3

The evolutionary theory of the firm. Routines, complexity and change.

Hölzl, Werner January 2005 (has links) (PDF)
This paper provides an overview on the evolutionary theory of the firm. The specific feature of the evolutionary approach is that it explains the adaptive behaviors of firms through the tension between innovation and selection. It is suggested that the evolutionary theory can provide a useful basis for a theory of the firm which is concerned with change over time and development. (author's abstract) / Series: Working Papers Series "Growth and Employment in Europe: Sustainability and Competitiveness"
4

Longitudinal relationships between family routines and biological profiles in youth with asthma

Schreier, Hannah Milena Caroline 11 1900 (has links)
While numerous studies have linked family routines to pediatric asthma outcomes, it remains unclear how family routines come to be associated with these outcomes on a biological level. The current study investigated whether longitudinal trajectories of inflammatory markers of asthma could be predicted by levels of family routines in youth with asthma. Family routines were assessed at baseline through parent questionnaires and peripheral blood samples obtained from youth every 6 months (total number of assessments = 4) over the course of an 18 month study period. Youth with more family routines in their home environment showed decreases in mitogen-stimulated production of a cytokine implicated in asthma, IL-13, over the course of the study period. In turn, within-person analyses indicated that at times when stimulated production of IL-13 was high, asthma symptoms were also high, pointing to the clinical relevance of changes in IL-13 over time. A variety of potential explanations for this effect were probed. Parental depression, stress, and general family functioning could not explain these effects, suggesting that family routines are not just a proxy for parent psychological traits or family relationship quality. However, medication use eliminated the relationship between family routines and stimulated production of IL-13. This suggests that family routines do impact asthma outcomes at the biological level, possibly through influencing medication adherence. Considering daily family behaviors when treating asthma may help improve both biological and clinical profiles in youth with asthma.
5

Longitudinal relationships between family routines and biological profiles in youth with asthma

Schreier, Hannah Milena Caroline 11 1900 (has links)
While numerous studies have linked family routines to pediatric asthma outcomes, it remains unclear how family routines come to be associated with these outcomes on a biological level. The current study investigated whether longitudinal trajectories of inflammatory markers of asthma could be predicted by levels of family routines in youth with asthma. Family routines were assessed at baseline through parent questionnaires and peripheral blood samples obtained from youth every 6 months (total number of assessments = 4) over the course of an 18 month study period. Youth with more family routines in their home environment showed decreases in mitogen-stimulated production of a cytokine implicated in asthma, IL-13, over the course of the study period. In turn, within-person analyses indicated that at times when stimulated production of IL-13 was high, asthma symptoms were also high, pointing to the clinical relevance of changes in IL-13 over time. A variety of potential explanations for this effect were probed. Parental depression, stress, and general family functioning could not explain these effects, suggesting that family routines are not just a proxy for parent psychological traits or family relationship quality. However, medication use eliminated the relationship between family routines and stimulated production of IL-13. This suggests that family routines do impact asthma outcomes at the biological level, possibly through influencing medication adherence. Considering daily family behaviors when treating asthma may help improve both biological and clinical profiles in youth with asthma.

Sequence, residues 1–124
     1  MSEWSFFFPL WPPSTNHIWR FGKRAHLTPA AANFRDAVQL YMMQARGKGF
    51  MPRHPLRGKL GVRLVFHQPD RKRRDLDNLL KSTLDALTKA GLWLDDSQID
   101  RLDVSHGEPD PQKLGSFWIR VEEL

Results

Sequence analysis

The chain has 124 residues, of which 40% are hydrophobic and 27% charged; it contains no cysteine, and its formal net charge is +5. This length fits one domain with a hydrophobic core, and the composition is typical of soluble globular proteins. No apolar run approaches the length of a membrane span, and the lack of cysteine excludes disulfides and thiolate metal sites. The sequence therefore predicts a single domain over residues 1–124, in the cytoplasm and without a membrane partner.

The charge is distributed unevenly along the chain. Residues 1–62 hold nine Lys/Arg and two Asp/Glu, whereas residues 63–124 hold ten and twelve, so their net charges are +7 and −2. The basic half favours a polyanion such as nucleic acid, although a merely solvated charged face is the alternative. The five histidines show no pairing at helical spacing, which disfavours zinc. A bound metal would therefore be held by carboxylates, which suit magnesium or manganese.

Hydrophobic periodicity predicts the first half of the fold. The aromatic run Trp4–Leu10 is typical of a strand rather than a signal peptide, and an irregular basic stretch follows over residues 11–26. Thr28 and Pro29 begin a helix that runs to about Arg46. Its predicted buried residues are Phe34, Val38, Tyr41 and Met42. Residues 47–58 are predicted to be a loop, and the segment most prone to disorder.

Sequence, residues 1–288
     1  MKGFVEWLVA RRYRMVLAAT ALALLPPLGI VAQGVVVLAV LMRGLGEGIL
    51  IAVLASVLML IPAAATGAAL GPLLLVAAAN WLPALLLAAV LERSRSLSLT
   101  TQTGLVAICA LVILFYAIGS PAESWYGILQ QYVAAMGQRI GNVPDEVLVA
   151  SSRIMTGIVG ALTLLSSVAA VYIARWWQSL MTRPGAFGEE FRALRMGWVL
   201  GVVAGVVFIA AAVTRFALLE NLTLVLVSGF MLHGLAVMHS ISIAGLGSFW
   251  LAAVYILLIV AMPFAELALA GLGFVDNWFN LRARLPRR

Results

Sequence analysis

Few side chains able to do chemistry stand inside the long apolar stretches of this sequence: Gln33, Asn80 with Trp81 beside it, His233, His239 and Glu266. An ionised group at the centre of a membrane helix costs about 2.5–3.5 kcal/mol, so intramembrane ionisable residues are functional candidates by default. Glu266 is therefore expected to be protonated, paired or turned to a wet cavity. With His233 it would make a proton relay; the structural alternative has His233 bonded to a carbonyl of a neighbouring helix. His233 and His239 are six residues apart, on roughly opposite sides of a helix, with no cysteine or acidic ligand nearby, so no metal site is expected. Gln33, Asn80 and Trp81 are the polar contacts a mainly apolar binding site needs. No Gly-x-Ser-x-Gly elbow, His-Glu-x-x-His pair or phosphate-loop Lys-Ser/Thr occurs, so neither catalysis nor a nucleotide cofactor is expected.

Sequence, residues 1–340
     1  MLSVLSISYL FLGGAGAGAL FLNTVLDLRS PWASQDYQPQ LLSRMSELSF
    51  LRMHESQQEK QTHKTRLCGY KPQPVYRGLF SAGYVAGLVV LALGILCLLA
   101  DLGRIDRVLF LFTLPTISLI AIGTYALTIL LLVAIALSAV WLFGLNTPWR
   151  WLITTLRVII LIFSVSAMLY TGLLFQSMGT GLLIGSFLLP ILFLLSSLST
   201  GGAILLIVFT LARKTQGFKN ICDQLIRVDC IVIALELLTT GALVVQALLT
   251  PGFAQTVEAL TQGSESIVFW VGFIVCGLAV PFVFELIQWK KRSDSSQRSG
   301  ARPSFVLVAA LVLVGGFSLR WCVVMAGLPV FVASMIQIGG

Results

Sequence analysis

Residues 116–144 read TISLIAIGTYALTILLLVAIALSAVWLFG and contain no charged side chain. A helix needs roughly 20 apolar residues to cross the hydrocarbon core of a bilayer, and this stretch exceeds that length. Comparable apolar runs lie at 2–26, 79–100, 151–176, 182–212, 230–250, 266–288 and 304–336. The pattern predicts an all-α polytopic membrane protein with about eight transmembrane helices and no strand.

6

Investigating a group of New Zealand leaders : their roots of, routes to, and routines in leadership : a ... research report ... presented in partial fulfilment of the requirements for the degree of Master of Management at Massey University

McLeod-Jones, David Unknown Date (has links)